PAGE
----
The Australian government's decision to post a new "how to" help guide for boatpeople to claim asylum has been slammed by the opposition but the government said that such information was necessary to prevent people from believing human traffickers' false promises
Boatpeople are a divisive political issue in Australia, with successive governments attempting to crack down on people-smuggling rings bringing would-be refugees to its shores.
With seaborne arrivals on the increase the conservative opposition accused Canberra of establishing "a 'how to guide' website to be used in people smugglers' travel brochures".
"The government is supposed to be trying to stop people coming on illegal boats, not facilitating the process," opposition immigration spokesman Scott Morrison said.
"The only thing missing from this website is the phone contact for the people-smugglers and an introductory web video from Captain Emad," he said in reference to an Iraqi man accused of people-smuggling.
A new government webpage headed "irregular maritime arrivals" contains general information for people who arrive on a boat without a visa and explains assessment processes and options available to asylum-seekers.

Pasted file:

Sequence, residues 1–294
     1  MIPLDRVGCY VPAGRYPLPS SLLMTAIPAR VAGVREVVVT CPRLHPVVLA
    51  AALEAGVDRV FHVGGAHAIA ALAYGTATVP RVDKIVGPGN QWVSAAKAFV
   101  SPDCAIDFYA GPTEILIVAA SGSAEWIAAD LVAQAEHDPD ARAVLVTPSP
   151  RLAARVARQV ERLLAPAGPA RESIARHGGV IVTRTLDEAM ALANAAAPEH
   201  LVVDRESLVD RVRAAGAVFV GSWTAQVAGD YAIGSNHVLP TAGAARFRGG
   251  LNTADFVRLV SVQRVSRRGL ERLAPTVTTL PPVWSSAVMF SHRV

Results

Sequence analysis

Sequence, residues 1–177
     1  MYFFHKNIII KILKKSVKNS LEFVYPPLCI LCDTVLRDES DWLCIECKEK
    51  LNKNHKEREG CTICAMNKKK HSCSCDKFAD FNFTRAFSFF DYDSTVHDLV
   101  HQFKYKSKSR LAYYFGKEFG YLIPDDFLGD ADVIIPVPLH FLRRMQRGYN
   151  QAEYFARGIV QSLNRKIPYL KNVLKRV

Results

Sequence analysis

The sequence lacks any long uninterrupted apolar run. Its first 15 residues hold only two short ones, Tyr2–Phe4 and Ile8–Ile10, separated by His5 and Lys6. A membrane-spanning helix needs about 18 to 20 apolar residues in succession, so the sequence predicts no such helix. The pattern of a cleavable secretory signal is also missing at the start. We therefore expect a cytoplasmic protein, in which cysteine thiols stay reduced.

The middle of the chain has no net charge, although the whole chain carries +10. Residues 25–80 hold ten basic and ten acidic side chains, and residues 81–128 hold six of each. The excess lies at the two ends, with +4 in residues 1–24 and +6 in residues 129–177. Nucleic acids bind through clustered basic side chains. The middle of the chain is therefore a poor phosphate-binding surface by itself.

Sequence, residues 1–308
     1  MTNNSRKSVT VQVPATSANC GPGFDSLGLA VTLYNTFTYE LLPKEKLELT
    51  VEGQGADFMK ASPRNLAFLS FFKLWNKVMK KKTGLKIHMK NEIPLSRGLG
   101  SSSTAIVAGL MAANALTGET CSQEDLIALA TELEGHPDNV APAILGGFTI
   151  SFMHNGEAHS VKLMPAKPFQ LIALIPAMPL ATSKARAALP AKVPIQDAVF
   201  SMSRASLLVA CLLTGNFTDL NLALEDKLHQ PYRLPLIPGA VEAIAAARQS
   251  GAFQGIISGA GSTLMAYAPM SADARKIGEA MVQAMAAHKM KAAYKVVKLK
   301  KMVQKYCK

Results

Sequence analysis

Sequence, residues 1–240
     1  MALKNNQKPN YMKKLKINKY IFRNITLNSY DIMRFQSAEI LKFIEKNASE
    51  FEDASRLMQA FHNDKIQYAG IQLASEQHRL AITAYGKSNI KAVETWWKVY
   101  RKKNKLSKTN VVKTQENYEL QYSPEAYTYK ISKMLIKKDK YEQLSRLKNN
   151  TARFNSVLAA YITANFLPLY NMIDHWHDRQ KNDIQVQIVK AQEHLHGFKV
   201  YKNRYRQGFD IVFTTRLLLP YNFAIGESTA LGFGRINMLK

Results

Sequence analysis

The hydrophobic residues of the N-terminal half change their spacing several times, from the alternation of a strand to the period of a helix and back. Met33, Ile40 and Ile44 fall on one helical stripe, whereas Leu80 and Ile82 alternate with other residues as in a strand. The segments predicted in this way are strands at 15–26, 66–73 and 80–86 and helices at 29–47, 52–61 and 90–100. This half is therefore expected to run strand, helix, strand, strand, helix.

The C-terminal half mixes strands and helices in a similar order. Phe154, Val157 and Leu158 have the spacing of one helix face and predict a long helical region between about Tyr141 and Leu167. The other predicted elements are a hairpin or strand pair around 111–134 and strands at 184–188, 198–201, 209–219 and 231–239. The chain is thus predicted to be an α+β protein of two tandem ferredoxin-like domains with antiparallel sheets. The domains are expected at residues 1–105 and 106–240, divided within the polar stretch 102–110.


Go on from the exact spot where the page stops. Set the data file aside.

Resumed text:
"Not everyone is entitled to Australia's protection, even if you come from a country where there is violence or a lack of security," it says.
"It is important that you assist the (immigration) department in its assessment and fully consider the decisions you will need to make along the way."
A spokesman for Immigration Minister Chris Bowen said the government was merely providing the facts to would-be refugees.
"This information is not new and has always been publicly available on the immigration website," he said. "It's important to counter the false promises people-smugglers are peddling to get asylum-seekers on boats."
Boatpeople come to Australia in relatively small numbers by global standards, but the country is on track to exceed the 2010 record of 6,555 asylum-seekers this year.
Canberra planned to transfer hundreds of boatpeople to Malaysia to try to break the people-smugglers business model, but the scheme was thwarted by a legal challenge and the opposition blocking legal changes to allow it.